Oilfield services provider Halliburton has appointed Christopher Weber as executive vice president and chief financial officer effective June 22, 2017.Halliburton’s former CFO, Mark McCollum, left the company in March to take up the same role at the oil services company Weatherford.Weber joins Halliburton from Parker Drilling, a global provider of drilling services and rental tools, where he served for four years as senior vice president and CFO.According to Halliburton’s statement on Tuesday, Weber has more than 20 years of experience in the energy industry; holding key roles in finance, strategic planning, corporate development and operations. Previously, Weber served as the vice president and treasurer of Ensco plc, one of the world’s largest offshore drilling companies, where he led the company’s global Treasury and Risk Management functions.He joined Ensco following the acquisition of Pride International, where he spent five years in various management positions with increasing responsibility. Prior to Pride, Weber worked with The Boston Consulting Group advising oil and gas and electric utility companies on strategic, financial and operational issues, in both Houston and London.“We are excited to have Chris join Halliburton. He complements our strong returns-focused culture, and we believe his impressive reputation for execution and achieving results makes him the right choice to lead our financial strategy,” said Jeff Miller, president and CEO of Halliburton.“His skillset fits well with the strength of our existing finance organization and his broad range of capabilities will complement our experienced management team as we continue to deliver industry leading returns to our shareholders.”“I want to thank Halliburton General Counsel Robb Voyles for leading both our law department and finance team as interim CFO over the past four months,” added Miller.
Principle Power is making a case for use of its floating foundation WindFloat off the coast of Massachusetts in locations where water depths at lease areas exceed the 50-metre mark.The existing outer continental shelf (OCS) leases, held by Deepwater Wind, Vineyard Wind and Ørsted Energy, are in water depths from 30-60m, which are regarded by the industry as best suited for fixed foundations.However, for depths between 50 and 60m, which appear in roughly one third of the lease areas held by Vineyard Wind and Ørsted, Principle Power is arguing that using small-draft floating foundations is a better solution.The levelized cost of electricity (LCOE) for a floating offshore wind farm is sensitive not only to the cost of the foundation, but also the cost of installation and O&M activities, which can be effected by external factors, such as the Jones Act, the company said, thus suggesting small-draft floating foundations, such as its WindFloat, to be used in certain areas of the Massachusetts OCS.An overview of the WindFloat platform and ongoing research efforts will be presented by Dr. Sam Kanner, Principle Power’s naval architect in the aerodynamics/hydrodynamics and R&D team, at the University of Massachusetts Amherst on Thursday, 16 November, at 4 p.m. local time.Massachusetts is the first US state to set out offshore wind capacity targets in its new energy legislation. In August 2016, the state governor Charlie Baker signed into law the new energy legislation which calls for the development of 1,600MW of offshore wind capacity by 2027.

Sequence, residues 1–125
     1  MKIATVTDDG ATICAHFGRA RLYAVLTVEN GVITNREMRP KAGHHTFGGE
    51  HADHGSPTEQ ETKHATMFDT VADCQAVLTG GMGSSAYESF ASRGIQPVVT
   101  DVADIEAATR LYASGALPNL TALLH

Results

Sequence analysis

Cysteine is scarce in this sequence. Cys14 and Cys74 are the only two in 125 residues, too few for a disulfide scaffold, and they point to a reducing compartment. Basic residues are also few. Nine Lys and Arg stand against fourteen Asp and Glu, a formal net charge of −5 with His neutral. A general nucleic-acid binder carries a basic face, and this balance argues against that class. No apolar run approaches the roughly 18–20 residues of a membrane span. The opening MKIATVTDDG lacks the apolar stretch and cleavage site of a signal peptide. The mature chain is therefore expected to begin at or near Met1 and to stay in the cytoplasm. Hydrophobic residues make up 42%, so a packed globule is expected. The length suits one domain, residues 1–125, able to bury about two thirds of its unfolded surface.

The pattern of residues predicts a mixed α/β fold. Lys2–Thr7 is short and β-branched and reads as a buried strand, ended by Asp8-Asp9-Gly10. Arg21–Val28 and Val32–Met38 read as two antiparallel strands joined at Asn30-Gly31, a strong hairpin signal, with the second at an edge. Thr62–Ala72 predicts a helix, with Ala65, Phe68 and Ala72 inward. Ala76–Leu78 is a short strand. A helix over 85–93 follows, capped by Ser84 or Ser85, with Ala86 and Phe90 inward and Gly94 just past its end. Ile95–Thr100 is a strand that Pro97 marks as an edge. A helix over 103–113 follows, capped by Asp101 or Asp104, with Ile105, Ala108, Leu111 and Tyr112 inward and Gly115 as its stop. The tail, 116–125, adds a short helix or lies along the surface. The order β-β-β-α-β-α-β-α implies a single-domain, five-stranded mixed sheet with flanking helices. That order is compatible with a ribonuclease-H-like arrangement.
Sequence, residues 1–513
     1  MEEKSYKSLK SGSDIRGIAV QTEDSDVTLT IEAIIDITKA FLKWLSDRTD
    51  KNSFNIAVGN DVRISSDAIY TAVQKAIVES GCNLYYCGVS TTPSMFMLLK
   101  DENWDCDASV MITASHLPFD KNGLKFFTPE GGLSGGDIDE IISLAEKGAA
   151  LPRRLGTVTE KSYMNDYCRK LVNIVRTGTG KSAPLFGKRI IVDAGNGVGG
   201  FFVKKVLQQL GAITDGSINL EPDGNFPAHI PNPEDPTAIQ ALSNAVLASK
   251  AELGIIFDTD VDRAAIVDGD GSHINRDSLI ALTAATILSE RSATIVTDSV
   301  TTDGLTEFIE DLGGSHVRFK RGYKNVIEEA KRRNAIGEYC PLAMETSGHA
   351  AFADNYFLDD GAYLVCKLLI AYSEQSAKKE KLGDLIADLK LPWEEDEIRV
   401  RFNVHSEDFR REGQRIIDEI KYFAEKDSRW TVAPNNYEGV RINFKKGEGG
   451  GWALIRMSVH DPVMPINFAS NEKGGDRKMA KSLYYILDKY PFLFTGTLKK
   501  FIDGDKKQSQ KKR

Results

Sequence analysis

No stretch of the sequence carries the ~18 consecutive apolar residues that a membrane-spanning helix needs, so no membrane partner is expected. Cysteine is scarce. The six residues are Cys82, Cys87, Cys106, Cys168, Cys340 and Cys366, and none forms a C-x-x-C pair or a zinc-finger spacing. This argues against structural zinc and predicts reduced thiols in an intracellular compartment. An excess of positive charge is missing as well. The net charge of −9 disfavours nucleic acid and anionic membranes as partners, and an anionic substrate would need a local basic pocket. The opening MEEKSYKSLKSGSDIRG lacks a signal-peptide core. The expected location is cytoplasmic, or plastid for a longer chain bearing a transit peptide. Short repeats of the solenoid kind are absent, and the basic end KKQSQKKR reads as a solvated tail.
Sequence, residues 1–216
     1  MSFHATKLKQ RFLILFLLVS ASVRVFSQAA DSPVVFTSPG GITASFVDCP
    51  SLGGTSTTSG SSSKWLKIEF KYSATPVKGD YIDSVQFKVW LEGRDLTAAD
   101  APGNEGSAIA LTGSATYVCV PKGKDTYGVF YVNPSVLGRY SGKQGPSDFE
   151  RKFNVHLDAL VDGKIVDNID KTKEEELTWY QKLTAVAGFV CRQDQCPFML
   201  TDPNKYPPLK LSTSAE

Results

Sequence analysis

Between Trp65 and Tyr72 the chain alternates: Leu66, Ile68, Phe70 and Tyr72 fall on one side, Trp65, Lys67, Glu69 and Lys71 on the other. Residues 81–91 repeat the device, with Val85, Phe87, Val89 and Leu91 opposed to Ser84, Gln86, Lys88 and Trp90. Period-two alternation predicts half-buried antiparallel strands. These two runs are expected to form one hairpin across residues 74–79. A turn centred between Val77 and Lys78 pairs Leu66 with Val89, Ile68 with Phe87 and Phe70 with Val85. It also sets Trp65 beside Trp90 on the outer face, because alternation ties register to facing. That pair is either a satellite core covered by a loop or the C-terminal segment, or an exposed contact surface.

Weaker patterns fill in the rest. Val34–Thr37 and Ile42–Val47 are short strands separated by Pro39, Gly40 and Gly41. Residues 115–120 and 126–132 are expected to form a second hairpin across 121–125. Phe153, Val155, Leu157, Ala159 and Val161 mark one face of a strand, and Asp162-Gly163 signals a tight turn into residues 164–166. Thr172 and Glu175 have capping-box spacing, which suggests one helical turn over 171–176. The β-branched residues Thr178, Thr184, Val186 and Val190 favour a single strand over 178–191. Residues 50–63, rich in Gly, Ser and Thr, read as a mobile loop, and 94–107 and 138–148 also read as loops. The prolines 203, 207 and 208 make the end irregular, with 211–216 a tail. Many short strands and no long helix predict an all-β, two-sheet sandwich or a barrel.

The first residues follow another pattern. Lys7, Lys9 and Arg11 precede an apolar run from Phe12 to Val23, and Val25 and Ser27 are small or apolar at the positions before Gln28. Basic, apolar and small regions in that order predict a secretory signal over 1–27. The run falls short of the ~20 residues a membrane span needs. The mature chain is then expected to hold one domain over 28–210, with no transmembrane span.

Stuff co.nz 8 September 2017Family First Comment: It’s highly ironic that a pro-“choice” group wants to deny the choice of students to support another club #hypocrisyPro-life activists in New Zealand are having a rough month. Last week, at the University of Auckland, the student association voted 1599 to 1021 to cut ties with campus group ProLife Auckland. And in late August, Family First announced it was resorting to court action, after the Charities Register board decided it didn’t qualify as a “charity” under the Charities Act, de-registering the group – for a second time.Both organisations are appealing these decisions. ProLife Auckland is waiting to hear whether the referendum question – “Should AUSA disaffiliate the Pro Life Club and ban any clubs with similar ideology from affiliating in the future?” – was unconstitutional, says co-director Jelena Middleton. Family First national director Bob McCoskrie says its High Court appeal will challenge the Charities Board’s findings “that Family First has no public benefits, that its views are controversial, and that we shouldn’t have charitable status”.Regardless of what grounds the appeals are based on, the two pro-life groups have framed their plights as battles for freedom of expression, arguing their right to share their pro-life viewpoint is under threat.To be clear, says Will Matthews, president of the Auckland University Students Association (AUSA), ProLife Auckland has lost none of the rights and privileges it enjoyed as an affiliated group. The group can still book rooms at the university, still apply for funding, still set up booths on campus. “All that is lost is its formal relationship with the AUSA,” says Matthews.But the symbolism of that loss is an “attack on ideology”, says Middleton. “It means our views aren’t welcome within the AUSA. That’s a restriction of freedom of speech even if it isn’t an outright removal of freedom of speech itself.” Following the referendum, ProLife Auckland received a message from Family First, offering legal advice, counsel and, potentially, funding to pursue this further, says McCoskrie.Family First, too, are using freedom of expression rhetoric. “If we were deregistered, we would lose some privileges,” says McCoskrie. “But I’m fighting this on a greater principle on freedom of speech and the danger when the state, or a tertiary institution, determines what is acceptable or not acceptable to say or believe.”In response, Charities Registration Board chair Roger Holmes Miller says: “Family First has the freedom to continue to communicate its views and influence policy and legislation but the independent Charities Registration Board has found that Family First’s pursuit of those activities do not qualify as being for the public benefit in a charitable sense.”READ MORE: https://www.stuff.co.nz/life-style/life/96616032/prolife-activists-claim-free-speech-is-under-attack
Lawrenceburg, IN— Crews will not be in action tonight (7/26) on U.S. 50 in Lawrenceburg. Paving will continue on Saturday (7/26) and Sunday (7/27) from 3 am to 3 pm. Nighttime work will resume on Monday (7/29), weather permitting.As a reminder, please slow down, pay attention and use caution in the work zone!